Long delays for cancer patients in Gauteng

Jack Bloom MPL

DA Gauteng Health Spokesman

The survival chances of many cancer patients at Gauteng hospitals are decreased because of long waiting times for treatment, as well as medicine shortages and frequent machine breakdowns.

This is revealed in a written reply by Gauteng Health MEC Hope Papo to my questions in the Gauteng Legislature.

Full-line cancer treatment in Gauteng is provided at the Steve Biko Academic hospital and Charlotte Maxeke Johannesburg Academic hospitals, and there is a limited service at the Chris Hani Baragwanath Academic Hospital.

At the Steve Biko hospital, adult patients will wait about three months for radiation treatment. According to Papo “the demand far outweighs the capacity. There are about 200 -300 patients on the waiting list dating back to 2012. The hospital receives 30-40 referrals per week which further increases the backlog.”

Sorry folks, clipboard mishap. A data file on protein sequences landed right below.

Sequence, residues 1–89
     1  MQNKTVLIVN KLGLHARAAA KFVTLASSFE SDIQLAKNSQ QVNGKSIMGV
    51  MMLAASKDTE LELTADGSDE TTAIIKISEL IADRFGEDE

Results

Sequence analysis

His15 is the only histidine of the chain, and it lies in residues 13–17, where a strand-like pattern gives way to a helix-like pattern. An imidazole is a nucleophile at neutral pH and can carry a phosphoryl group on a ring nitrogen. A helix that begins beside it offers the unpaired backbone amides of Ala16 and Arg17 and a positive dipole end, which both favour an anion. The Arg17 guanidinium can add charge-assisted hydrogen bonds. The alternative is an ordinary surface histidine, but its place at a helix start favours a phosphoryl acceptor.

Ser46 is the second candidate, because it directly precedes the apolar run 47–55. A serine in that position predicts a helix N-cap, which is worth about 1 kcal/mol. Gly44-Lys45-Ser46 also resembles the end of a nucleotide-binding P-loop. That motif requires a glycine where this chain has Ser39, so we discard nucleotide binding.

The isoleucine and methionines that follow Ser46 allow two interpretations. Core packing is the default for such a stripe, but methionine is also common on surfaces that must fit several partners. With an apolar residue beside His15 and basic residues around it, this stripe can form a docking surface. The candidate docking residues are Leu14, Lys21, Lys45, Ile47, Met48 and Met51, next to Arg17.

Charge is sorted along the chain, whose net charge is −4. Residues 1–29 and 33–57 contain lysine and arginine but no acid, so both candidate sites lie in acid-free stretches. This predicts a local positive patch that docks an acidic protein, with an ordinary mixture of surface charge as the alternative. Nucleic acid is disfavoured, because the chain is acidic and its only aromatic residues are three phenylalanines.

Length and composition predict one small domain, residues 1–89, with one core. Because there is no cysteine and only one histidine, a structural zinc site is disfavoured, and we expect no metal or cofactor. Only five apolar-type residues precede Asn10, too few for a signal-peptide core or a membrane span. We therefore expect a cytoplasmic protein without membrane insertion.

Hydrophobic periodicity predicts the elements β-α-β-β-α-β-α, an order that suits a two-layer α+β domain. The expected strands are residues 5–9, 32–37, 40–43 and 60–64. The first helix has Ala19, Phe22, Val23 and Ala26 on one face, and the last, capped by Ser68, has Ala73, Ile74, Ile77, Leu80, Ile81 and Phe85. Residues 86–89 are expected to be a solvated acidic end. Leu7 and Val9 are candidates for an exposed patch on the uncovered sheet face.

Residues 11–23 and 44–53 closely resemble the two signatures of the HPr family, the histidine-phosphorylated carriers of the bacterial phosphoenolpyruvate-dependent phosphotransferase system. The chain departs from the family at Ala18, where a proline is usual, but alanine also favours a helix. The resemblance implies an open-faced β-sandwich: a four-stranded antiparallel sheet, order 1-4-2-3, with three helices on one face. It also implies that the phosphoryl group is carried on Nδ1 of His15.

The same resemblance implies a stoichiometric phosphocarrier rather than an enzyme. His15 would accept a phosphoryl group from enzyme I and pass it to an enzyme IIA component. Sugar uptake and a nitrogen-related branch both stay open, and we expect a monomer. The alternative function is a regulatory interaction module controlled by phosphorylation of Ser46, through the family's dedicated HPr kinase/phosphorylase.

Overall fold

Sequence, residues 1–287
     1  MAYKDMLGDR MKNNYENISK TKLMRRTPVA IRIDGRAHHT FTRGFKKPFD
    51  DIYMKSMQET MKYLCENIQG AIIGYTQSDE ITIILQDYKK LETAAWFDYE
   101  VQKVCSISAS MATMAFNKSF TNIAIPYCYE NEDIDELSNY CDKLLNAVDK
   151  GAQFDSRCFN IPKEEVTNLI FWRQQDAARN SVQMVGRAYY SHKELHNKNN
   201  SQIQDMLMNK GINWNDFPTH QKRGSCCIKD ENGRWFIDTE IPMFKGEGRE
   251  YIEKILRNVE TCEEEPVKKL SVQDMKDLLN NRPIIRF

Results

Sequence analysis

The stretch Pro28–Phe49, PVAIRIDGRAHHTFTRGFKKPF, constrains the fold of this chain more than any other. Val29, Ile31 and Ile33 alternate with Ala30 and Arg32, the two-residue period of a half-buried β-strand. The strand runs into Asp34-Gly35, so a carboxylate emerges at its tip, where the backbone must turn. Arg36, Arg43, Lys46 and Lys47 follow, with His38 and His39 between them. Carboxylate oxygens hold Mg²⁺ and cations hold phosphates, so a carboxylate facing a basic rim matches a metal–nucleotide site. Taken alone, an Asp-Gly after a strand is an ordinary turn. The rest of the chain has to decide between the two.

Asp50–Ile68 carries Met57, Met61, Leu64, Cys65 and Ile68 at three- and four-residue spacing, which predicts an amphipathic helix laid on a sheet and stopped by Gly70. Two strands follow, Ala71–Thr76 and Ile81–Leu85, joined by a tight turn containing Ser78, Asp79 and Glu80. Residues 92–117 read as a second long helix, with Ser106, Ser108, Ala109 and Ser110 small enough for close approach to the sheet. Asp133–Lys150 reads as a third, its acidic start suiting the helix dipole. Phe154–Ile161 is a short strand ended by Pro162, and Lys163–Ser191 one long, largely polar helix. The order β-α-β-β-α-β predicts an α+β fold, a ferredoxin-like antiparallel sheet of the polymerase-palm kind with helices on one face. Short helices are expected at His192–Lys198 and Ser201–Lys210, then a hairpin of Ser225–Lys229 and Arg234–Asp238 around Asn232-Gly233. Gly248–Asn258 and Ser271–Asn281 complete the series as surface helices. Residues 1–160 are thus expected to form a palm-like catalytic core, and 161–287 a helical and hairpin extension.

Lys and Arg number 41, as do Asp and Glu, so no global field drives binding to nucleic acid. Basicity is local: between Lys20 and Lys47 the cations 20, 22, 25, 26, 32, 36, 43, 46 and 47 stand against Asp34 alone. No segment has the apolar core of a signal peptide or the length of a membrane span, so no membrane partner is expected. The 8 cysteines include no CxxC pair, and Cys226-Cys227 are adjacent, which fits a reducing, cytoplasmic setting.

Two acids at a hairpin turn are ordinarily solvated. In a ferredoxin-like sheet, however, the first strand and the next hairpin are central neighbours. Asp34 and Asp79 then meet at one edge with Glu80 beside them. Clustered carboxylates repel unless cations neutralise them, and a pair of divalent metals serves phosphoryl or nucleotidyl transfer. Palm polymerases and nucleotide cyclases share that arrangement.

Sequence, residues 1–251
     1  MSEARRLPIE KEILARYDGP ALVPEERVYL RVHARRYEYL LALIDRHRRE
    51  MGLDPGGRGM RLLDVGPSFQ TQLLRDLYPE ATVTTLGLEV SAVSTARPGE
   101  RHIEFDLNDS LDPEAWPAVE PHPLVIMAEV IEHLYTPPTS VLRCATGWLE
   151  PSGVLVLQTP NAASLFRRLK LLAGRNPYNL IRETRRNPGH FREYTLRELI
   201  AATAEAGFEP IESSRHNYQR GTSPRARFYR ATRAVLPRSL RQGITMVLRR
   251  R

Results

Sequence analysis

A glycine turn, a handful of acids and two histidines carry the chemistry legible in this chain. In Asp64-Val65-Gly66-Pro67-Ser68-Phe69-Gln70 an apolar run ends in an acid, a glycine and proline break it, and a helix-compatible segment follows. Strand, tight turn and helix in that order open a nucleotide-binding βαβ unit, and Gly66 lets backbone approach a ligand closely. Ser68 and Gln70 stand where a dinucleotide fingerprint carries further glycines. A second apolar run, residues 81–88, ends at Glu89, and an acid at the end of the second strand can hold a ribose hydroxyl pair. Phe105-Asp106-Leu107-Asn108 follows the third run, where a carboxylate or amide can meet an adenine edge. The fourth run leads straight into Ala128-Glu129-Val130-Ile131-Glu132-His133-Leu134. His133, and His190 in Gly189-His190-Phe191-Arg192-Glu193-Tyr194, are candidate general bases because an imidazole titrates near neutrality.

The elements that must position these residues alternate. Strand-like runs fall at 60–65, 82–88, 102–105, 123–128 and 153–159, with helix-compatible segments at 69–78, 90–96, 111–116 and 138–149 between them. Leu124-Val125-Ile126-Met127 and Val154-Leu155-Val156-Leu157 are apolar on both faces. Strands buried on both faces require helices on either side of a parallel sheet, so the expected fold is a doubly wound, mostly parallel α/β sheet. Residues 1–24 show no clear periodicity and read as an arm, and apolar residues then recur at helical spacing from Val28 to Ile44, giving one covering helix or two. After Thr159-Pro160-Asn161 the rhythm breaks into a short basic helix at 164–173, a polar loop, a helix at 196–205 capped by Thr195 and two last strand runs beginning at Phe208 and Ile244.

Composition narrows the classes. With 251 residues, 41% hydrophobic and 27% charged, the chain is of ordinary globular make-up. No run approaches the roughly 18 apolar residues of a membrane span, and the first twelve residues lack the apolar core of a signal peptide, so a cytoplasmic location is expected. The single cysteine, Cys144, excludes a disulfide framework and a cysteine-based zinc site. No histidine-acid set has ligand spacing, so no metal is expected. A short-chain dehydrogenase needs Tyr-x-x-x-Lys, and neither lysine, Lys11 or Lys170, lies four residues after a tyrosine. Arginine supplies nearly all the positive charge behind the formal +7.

Waiting times for radiation at Charlotte Maxeke is between 30 and 60 days.

Frequent machinery breakdowns have worsened the situation.

At Steve Biko hospital, linear accelerators and CT scanners were down for a total of 93 days this year.

At Charlotte Maxeke hospital, one Brachytherapy machine broke down in January this year, three linear accelerators broke in February, and two cobalt accelerators broke in June.

Medical Oncology Departments suffered from “intermittent shortages of certain chemotherapeutic drugs as well as pain medication”.

Staff shortages are severe. Charlotte Maxeke needs 44 Radiation therapists, and 164 more posts are needed at the Steve Biko cancer department.

There is a cancer treatment crisis in Gauteng that needs urgent attention.

National Treasury should provide extra funds, particularly because Gauteng hospitals also treat cancer patients from Limpopo, North West, Mpumalanga and Free State.